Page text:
Despite the odds being against him, Tagovailoa converted this third-and-extra-long situation.
Two plays later, Bama had third-and-one. Instead of running for the first, the Crimson Tide elected to run a play-action pass. Despite tight coverage on Smith, Tagovailoa zipped the ball in for a completion and again of 21 yards.
Bama was unable to pick up a first on the next three plays, but trailing they decided to go for it on fourth-and-four. The Tigers had taken away the slant route for most of the game, but not on this key down.
Smith got a good release and was inside of the LSU defender. The safety drove down to fill the void in the defense, but Tagovailoa got the ball off quick enough that it didn’t matter.
The result was a nine-yard gain and a new set of downs.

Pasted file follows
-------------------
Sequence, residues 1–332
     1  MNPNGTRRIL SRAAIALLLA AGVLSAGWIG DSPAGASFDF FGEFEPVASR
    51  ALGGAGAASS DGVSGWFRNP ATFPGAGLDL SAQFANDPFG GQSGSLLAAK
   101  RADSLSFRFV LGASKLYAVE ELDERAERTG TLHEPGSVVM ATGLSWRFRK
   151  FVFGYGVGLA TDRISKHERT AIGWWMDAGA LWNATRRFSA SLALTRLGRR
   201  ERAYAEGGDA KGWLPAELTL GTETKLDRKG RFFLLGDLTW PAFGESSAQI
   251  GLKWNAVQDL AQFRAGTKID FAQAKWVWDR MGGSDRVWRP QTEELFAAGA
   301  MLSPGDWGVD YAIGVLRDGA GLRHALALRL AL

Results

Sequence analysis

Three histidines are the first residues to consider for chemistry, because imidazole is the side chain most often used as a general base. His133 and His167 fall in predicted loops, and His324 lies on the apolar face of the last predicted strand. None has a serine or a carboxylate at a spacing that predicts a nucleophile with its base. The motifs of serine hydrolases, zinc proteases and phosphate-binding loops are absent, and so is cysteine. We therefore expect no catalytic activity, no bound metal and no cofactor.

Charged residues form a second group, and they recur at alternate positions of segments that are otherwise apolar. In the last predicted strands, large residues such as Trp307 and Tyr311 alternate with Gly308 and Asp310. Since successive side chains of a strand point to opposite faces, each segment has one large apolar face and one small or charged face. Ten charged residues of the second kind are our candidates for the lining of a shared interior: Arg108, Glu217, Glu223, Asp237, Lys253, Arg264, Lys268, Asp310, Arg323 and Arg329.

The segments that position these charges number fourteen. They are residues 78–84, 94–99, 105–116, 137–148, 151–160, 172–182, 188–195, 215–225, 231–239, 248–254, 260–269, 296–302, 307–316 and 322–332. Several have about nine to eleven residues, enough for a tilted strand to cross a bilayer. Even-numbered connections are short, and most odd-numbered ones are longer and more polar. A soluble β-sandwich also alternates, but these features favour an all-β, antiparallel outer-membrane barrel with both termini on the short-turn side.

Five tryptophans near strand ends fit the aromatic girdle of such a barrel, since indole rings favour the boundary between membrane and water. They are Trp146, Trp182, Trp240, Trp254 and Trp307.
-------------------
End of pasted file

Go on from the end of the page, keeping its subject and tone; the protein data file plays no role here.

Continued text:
Once again, they would need all four downs to score. After Jeudy dropped a would-be touchdown on third and two, Alabama faced another fourth down.
Critics of Tagovailoa point out how talented his receivers are. Although this is true, that third down marked Jeudy’s second key drop of the game. Tagovailoa was able to overcome this and did not lose trust in his receiver which was demonstrated on the next play.
On fourth down, he looked back to Jeudy.
Jeudy lined up as the No. 2 wide receiver on the right side. He ran an arrow to the flat while the No. 1 receiver ran an in-cutting route underneath him.
Jeudy had leverage on the defender to the outside and Tagovailoa put the ball on the pylon, preventing the defender from having any chance of making a play on it. This time Juedy made the catch and the Crimson Tide came within a score of the Bayou Bengals.
They trailed 34-39.
Tua Tagovailoa on 3rd/4th down: 8-for-11 for 127 yards, 6 1st downs, 1 TD.— Dane Brugler (@dpbrugler) November 10, 2019